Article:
The Draft Law establishes quite significant penalties for violation of the new rules, e.g. for non-notification of the Russian tax authorities the fine is RUB 100 000 (approximately EUR 2 000); for non-payment or underpayment of the tax on CFC profit the fine is 20% of CFC profit but not less than RUB 100 000 (approximately EUR 2 000).
Exchange of tax information
The effective implication of the CFC rules would be possible only in case of well-established exchange of information with other countries. Currently, Russian tax authorities are limited in obtaining information from abroad; the procedure is mainly established by Russian double tax treaties.
Russia intends to ratify the OECD Convention on Mutual Administrative Assistance in Tax Matters that would enhance the exchange of information, including its exchange with low-tax jurisdictions. The draft law on ratification is expected to be passed soon to the Parliament. The officials of Minfin have also informed on start of negotiations with certain countries (including low-tax jurisdictions) regarding specific agreements on exchange of information.
Tax residence for companies
The Draft Law introduces a definition of tax residence for companies. Foreign companies are recognized as Russian tax residents and taxed in Russia on their worldwide income if one of the following conditions is met:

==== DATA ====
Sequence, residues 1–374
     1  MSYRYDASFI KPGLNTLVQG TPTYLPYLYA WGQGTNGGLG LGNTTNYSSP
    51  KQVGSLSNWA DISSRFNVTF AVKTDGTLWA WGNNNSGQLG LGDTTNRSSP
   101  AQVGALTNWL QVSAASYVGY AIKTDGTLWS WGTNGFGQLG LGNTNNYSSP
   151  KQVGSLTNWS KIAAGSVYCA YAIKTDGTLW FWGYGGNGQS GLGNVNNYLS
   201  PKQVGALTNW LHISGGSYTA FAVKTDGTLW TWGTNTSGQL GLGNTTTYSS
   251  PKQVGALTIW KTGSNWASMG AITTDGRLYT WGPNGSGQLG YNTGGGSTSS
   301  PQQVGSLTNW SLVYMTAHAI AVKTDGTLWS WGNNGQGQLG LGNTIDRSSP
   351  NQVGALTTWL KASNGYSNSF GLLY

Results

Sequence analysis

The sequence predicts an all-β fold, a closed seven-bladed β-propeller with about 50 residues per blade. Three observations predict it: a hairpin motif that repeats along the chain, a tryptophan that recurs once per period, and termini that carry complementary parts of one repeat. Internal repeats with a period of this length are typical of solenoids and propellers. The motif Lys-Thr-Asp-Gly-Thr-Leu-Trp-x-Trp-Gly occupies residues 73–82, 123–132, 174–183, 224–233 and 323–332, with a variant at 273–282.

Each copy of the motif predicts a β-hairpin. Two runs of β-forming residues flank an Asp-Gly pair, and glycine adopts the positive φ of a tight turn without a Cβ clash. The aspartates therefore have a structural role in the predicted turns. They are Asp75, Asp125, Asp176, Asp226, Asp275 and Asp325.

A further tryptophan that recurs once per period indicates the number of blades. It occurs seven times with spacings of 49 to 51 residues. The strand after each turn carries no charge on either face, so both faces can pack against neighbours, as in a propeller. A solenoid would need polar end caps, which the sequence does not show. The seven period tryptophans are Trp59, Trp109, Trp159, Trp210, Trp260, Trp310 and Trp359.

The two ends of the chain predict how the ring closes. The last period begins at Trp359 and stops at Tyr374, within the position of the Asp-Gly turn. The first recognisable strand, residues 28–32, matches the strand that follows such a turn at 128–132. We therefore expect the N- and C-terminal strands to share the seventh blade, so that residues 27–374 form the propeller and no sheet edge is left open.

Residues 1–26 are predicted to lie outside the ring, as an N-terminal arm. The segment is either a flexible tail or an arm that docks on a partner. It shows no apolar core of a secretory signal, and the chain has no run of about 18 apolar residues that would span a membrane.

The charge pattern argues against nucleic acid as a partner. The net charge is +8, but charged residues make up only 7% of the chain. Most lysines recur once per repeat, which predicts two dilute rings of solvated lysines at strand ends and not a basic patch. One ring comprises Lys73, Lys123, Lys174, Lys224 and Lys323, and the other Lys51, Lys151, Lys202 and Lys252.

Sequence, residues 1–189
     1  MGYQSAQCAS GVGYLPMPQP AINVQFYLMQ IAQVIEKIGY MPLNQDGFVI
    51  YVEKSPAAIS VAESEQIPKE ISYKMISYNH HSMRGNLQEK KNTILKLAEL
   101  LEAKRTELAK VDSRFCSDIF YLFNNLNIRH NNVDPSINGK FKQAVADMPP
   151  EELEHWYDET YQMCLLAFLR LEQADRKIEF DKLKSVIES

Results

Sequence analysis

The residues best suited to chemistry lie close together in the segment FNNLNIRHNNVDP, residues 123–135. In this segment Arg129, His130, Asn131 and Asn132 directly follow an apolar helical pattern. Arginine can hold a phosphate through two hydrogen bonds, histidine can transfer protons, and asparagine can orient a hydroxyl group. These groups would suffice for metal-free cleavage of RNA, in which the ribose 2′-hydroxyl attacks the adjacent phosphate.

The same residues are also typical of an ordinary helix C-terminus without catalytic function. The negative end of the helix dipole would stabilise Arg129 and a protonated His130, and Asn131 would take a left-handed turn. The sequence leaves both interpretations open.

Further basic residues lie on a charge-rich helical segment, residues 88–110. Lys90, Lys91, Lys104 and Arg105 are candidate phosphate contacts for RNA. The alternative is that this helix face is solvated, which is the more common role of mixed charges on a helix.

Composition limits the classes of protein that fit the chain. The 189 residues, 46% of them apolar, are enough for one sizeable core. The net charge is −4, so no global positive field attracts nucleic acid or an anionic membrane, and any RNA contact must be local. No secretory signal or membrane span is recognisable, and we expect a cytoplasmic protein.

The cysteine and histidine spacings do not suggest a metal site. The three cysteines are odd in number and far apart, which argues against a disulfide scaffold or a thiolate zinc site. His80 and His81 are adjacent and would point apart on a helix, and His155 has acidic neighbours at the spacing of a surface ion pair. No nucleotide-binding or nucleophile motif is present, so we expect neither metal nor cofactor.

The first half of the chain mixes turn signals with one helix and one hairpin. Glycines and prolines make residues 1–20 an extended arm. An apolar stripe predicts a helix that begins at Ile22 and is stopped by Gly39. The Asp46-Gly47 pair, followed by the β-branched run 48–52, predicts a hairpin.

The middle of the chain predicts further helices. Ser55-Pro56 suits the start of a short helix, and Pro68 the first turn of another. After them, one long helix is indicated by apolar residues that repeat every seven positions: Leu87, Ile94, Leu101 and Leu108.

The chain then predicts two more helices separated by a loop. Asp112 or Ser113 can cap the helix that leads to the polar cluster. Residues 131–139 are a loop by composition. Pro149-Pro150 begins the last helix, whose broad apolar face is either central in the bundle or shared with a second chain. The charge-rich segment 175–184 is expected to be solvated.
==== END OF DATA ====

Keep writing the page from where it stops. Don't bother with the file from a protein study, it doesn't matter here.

– Meetings of the Board of Directors (or other governing body of the company) are held on the territory of the Russia;
– Management of the company is usually performed from Russia;
– Chief officers of the company carry out their activities in Russia;
– Accounting of the company is conducted in Russia;
– Archives of the company are stored in Russia;
A foreign company can voluntarily recognize itself as a Russian tax resident unless this contradicts an international treaty signed by Russia.
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Though the Draft Law is subject to further discussion and revision we believe that the existing structures should be reviewed in light of the Draft Law to understand its possible effect on Russian tax residents and their holding structures. New projects should be developed bearing in mind the possible changes in the legal framework. In co-operation with our partners in Russia – law firm ALRUD we will keep you updated on a status of the Draft Law.